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Movie Review: ‘The Great Gatsby’

CAREY MULLIGAN as Daisy Buchanan and LEONARDO DICAPRIO as Jay Gatsby in Warner Bros. Pictures’ and Village Roadshow Pictures’ drama “THE GREAT GATSBY,” a Warner Bros.

“The Great Gatsby”

Directed by Baz Luhrmann
WARNER BROS. PICTURES

By Nicolas Curcio

May 10, 2013 1:01 a.m.

Most individuals have their first dreamy experience with the mysterious Jay Gatsby in a high school classroom. Phrases like “the American dream” and “valley of ashes” litter the chalkboard, while the teacher lectures on the cultural significance of the Roaring ’20s. The Charleston dance is then demonstrated via YouTube clips.

In fact, one could say “The Great Gatsby” is such a beloved novel that, for once, students tend to accomplish the assigned reading instead of checking SparkNotes the morning before class.

The fifth on-screen adaptation of F. Scott Fitzgerald’s great American novel “The Great Gatsby” is directed by Baz Luhrmann. The first-ever film adaptation appeared in 1926, a silent film that is now lost.

The film follows narrator Nick Carraway (Tobey Maguire) as he travels to New York City in 1922, when he encounters the absurdly rich and their nonstop party lifestyle. Carraway soon finds himself indulging in the festivities of this infamous era of bootleggers and loosening morals. There he discovers the wonderful and mysterious Gatsby and begins to uncover tales of glamour, love and illusion.

All of Fitzgerald’s intended symbols, of course, appear consistently throughout the film. The green light that flashes across the bay just outside of Gatsby’s reach, the monstrous yet vacant swimming pool and the omniscient, all-seeing eyes of Dr. T. J. Eckleburg, the last of which is the most beaten-to-a-pulp metaphor in the film by sheer amount of mentions and flashes across the big screen.

The cinematic design and decor within the film’s world is extremely elaborate. Elegant exterior shots of New York from above and the monumental Buchanan mansion are impressive yet overwhelming to take in because of such vastness. The attention to detail used in the film quickly begins to seem absurdly obsessive, and rightly so. However, Luhrmann can’t be attacked for this excessive design when dealing with a novel that is, after all, about gross excessiveness and overkill. For once, the absurdly extravagant is appropriate.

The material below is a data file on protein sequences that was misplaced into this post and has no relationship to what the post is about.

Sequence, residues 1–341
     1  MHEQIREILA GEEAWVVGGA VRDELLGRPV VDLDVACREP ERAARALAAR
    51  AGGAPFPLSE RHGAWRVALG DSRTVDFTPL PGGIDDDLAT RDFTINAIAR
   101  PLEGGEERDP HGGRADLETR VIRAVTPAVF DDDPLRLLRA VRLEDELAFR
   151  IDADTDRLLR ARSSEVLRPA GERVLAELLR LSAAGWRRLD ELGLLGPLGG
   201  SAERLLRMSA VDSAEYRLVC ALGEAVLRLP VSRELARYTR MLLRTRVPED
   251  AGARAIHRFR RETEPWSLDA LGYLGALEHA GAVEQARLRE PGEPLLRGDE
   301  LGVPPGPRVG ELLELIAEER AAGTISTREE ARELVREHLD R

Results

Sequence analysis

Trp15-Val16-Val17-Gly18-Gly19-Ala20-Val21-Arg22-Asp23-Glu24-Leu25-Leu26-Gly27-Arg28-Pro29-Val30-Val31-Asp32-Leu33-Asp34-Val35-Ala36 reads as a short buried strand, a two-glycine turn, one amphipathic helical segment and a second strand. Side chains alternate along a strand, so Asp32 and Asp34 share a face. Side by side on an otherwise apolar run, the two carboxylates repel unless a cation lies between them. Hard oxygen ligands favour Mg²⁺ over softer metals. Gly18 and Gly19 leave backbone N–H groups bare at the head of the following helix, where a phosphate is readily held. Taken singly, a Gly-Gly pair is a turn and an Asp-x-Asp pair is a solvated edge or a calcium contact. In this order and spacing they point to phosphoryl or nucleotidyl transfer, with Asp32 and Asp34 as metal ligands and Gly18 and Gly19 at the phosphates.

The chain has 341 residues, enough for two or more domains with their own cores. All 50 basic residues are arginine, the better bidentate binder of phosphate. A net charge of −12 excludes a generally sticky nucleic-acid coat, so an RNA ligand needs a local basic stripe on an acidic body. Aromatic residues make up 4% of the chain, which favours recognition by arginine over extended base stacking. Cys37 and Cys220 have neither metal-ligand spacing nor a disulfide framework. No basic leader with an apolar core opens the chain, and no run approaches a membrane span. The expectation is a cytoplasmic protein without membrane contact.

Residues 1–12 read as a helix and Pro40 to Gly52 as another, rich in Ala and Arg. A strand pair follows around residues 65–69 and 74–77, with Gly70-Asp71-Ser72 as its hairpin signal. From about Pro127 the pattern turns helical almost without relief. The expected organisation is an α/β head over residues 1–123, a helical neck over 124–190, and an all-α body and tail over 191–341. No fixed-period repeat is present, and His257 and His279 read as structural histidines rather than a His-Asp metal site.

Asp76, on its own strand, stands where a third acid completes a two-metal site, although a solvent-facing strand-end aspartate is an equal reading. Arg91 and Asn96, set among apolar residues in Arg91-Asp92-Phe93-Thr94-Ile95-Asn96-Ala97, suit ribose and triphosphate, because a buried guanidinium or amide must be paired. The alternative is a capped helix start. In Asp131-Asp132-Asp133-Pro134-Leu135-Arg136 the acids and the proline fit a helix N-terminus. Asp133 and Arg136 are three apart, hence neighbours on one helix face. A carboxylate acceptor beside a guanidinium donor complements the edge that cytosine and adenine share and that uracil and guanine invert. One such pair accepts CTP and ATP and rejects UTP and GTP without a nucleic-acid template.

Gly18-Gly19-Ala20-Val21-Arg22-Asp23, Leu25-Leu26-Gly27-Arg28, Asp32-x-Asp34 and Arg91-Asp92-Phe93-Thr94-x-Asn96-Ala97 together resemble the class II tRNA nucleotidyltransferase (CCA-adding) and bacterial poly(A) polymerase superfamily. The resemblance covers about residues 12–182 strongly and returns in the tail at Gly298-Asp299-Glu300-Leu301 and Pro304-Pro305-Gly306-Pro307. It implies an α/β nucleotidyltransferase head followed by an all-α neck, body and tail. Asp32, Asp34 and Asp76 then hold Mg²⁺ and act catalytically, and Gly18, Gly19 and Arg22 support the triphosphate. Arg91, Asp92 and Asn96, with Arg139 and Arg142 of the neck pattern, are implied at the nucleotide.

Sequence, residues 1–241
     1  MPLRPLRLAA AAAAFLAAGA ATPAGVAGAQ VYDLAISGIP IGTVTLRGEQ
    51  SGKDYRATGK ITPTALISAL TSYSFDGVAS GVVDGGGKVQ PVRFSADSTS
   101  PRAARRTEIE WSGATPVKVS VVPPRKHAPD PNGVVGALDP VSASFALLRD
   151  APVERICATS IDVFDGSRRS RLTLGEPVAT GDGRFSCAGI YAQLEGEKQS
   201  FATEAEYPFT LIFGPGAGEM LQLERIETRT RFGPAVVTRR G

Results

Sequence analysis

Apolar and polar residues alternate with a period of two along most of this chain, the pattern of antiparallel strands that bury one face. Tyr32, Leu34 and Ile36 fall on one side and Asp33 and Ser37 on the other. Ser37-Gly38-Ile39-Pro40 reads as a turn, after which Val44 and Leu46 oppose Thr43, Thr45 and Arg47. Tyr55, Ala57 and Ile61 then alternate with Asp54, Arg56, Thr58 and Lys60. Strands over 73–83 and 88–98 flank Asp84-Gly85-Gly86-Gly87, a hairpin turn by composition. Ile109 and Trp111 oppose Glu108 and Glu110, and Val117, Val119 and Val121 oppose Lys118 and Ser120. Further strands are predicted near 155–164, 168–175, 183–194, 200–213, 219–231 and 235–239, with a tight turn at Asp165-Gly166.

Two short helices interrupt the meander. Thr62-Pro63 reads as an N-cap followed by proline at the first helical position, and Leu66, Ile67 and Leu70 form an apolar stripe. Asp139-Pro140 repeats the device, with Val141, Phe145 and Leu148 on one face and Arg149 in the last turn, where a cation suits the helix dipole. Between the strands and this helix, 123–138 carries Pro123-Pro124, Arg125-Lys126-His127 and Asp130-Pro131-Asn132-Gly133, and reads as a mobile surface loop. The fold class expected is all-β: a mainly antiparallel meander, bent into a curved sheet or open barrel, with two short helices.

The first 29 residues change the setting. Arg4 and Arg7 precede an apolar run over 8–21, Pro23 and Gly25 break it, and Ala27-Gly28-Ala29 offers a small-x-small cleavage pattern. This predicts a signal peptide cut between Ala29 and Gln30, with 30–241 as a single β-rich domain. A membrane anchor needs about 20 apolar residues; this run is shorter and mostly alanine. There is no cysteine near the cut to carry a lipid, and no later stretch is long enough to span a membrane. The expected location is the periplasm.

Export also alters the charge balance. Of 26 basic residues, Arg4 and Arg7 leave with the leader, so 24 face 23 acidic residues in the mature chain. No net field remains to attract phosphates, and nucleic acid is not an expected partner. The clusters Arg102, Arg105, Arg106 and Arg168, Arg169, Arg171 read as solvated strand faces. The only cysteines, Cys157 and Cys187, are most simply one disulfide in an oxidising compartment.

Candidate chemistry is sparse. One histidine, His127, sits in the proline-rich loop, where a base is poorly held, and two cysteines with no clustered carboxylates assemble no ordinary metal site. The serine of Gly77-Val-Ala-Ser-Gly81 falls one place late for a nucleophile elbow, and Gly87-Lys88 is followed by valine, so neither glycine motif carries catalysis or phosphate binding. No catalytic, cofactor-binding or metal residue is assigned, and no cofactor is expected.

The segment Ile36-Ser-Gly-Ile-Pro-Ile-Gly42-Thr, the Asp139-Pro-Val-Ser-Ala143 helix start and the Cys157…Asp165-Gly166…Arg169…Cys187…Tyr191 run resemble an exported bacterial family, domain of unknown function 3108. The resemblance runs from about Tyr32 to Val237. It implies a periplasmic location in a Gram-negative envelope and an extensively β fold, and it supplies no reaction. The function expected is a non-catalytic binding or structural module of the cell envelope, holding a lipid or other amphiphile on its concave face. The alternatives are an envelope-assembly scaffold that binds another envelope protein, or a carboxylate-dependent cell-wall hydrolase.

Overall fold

The visuals that “The Great Gatsby” employs vary across a number of mediums. For instance, in some scenes old newsreel footage is used, and at times full sentences appear handwritten on the big screen, explained by the fact that in the film Carraway is in a mental facility writing the presumed novel down to ease his pain. Though these effects make for a nice variety, they seem as if they were arbitrarily thrown into the film.

Luhrmann is no stranger to adapting canonical works of literature. “Romeo + Juliet” was a highly modern take on the age-old play and featured fast-paced screwball comedy as well as psychedelic, hyperactive sequences. “The Great Gatsby,” by contrast, is a severely straightforward adaptation. Does that mean “The Great Gatsby” is slightly more boring? Well, kind of. But it’s also tremendously more sophisticated.

Leonardo DiCaprio thoroughly captures the immense, God-like presence of Gatsby to the point of wild absurdity. In fact, the “big reveal,” in which Dicaprio’s face is fully produced for the first time, left the audience laughing hysterically and clapping in wonder and joy. The scene consists of Dicaprio smiling a cheeky smile while holding up his cocktail, staring down the audience as if to say “cheers, old sport.” All the while, the music crescendos madly and fireworks explode in the background. This was perhaps the most perfect moment in the film.

Second behind DiCaprio in performance is Joel Edgerton with his stern rendition of Tom Buchanan. Edgerton’s mustache, obsession for whiskey and other Hemingway-esque behaviors make for the entertaining-brute factor.

In general, the critics of the film world are slightly aggressive toward the unnecessary effect of 3-D. However, there is something about the motif of spectacle within “The Great Gatsby” that seems oddly to call for the excessive sensory effect of 3-D. At the very least, the party scenes make the best of the 3-D effect.

Other than the soundtrack choice, there is little risk involved in the newest film adaptation. That being said, there will still be many who hate the film. There will always be pure-blooded book hounds that will never find happiness in a film adaptation. Many moviegoers will soon begin to complain about Luhrmann’s adaptation, and words such as “pretentious” and “blasphemy” will be thrown around. But such is the curse of adapting such beloved material.

Such is the curse of Hollywood.

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Nicolas Curcio
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